Health Discoveries in General Health News

FDA approves drug to reduce pre-term births

February 8, 2011
A drug to reduce pre-term deliveries before 37 weeks of pregnancy in women who have a history of such births has been approved by the U.S. Food and Drug Administration (FDA).


The drug, Makena (hydroxyprogesterone caproate), is not for use by women with a multiple pregancy or who may have other risk factors for pre-term births.


The FDA is requiring additional clinical study to learn whether the drug, sponsored by California-based Hologic, will reduce the number of babies who don't survive a pre-term birth and any health problems that occur as a result of such births. The confirmatory study is expected to be completed about 2018.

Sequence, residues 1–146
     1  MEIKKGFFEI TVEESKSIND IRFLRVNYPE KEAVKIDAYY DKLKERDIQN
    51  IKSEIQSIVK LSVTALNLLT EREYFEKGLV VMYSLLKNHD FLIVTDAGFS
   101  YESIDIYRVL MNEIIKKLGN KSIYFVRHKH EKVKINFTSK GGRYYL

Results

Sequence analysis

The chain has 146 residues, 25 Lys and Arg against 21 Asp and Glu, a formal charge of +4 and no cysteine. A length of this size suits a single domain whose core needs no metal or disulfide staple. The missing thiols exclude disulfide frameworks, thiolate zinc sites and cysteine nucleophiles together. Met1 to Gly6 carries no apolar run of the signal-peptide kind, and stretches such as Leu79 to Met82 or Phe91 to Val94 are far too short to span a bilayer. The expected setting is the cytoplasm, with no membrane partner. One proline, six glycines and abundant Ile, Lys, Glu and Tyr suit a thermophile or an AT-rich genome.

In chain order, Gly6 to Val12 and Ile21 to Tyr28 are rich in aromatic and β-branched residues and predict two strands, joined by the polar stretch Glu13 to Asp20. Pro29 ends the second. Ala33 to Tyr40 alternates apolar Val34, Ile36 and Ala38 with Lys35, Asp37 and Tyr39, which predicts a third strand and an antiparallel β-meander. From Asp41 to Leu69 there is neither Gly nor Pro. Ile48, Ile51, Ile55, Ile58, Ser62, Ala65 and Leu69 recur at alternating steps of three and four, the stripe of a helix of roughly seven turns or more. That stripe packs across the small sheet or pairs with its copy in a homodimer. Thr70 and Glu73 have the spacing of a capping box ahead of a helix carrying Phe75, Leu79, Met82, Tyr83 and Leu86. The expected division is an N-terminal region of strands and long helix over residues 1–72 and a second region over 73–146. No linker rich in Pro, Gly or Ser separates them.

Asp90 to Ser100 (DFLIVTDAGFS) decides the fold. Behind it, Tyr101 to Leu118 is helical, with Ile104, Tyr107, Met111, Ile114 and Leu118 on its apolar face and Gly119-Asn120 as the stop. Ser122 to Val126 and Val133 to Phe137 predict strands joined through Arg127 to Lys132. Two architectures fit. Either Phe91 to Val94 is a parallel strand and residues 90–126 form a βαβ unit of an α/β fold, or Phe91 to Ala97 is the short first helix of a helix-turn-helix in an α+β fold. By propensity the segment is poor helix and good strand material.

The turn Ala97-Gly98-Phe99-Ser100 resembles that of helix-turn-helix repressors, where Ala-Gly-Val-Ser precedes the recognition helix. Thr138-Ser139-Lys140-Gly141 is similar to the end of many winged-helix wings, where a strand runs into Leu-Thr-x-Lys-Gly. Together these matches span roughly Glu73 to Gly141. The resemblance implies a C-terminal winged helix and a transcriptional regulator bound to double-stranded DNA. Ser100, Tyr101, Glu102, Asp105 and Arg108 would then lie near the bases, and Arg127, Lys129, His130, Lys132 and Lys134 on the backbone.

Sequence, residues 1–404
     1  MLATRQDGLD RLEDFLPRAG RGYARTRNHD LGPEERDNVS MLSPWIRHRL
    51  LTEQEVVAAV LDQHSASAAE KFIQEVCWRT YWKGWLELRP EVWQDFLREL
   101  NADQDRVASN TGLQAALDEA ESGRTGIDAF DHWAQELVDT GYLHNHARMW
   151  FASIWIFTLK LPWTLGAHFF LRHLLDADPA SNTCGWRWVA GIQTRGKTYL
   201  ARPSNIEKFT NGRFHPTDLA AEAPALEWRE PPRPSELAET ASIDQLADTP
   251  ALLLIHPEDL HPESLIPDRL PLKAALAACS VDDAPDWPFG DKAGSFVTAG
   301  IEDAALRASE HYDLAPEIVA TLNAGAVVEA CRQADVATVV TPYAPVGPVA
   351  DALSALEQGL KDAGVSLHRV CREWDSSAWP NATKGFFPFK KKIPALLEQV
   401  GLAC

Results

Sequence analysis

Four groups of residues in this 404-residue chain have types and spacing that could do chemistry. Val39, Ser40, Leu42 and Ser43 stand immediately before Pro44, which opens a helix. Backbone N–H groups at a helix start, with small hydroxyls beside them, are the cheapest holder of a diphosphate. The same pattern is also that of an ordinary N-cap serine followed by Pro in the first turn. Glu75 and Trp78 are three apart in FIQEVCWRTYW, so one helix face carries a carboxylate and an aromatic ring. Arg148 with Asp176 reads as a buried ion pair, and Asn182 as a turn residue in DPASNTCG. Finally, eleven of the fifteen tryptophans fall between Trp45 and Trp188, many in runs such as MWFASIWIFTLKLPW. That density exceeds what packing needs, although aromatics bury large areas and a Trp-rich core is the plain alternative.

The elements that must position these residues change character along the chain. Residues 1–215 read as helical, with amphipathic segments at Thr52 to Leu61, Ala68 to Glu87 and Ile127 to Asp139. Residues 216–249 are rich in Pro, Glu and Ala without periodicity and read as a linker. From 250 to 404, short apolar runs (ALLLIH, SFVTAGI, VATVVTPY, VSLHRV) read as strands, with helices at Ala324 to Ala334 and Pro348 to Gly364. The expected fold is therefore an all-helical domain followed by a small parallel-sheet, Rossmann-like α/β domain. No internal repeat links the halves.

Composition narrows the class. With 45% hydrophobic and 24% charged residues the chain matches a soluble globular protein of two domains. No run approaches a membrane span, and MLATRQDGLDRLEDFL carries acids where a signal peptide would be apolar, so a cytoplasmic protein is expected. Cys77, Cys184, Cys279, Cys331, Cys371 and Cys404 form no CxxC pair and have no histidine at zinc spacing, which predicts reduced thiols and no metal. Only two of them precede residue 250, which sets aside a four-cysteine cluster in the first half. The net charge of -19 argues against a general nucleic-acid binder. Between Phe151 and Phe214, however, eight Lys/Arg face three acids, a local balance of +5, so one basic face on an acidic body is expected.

"Preterm birth is a significant public health issue in the United States," said Dr. Sandra Kweder, deputy director of the FDA's Office of New Drugs. "This is the first drug approved by the FDA that is indicated to specifically reduce this risk."

The drug regimen calls for a pregnant women to be given an injection of Makena into the hip starting at 16 weeks into the pregnancy and no later than 21 weeks.

Within the North Shore-LIJ Health System, both North Shore University Hospital and Long Island Jewish Medical Center are Regional Perinatal Centers (RPCs) for high-risk obstetrical and neonatal management.
 
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